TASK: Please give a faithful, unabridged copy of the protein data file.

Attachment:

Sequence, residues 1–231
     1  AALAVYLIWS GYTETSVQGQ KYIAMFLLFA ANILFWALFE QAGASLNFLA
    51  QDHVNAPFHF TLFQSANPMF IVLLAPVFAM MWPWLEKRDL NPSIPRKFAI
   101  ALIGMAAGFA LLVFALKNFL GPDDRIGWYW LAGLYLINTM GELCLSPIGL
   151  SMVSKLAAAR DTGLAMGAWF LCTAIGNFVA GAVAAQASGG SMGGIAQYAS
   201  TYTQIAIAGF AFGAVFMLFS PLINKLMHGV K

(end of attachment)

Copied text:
Sequence, residues 1–231
     1  AALAVYLIWS GYTETSVQGQ KYIAMFLLFA ANILFWALFE QAGASLNFLA
    51  QDHVNAPFHF TLFQSANPMF IVLLAPVFAM MWPWLEKRDL NPSIPRKFAI
   101  ALIGMAAGFA LLVFALKNFL GPDDRIGWYW LAGLYLINTM GELCLSPIGL
   151  SMVSKLAAAR DTGLAMGAWF LCTAIGNFVA GAVAAQASGG SMGGIAQYAS
   201  TYTQIAIAGF AFGAVFMLFS PLINKLMHGV K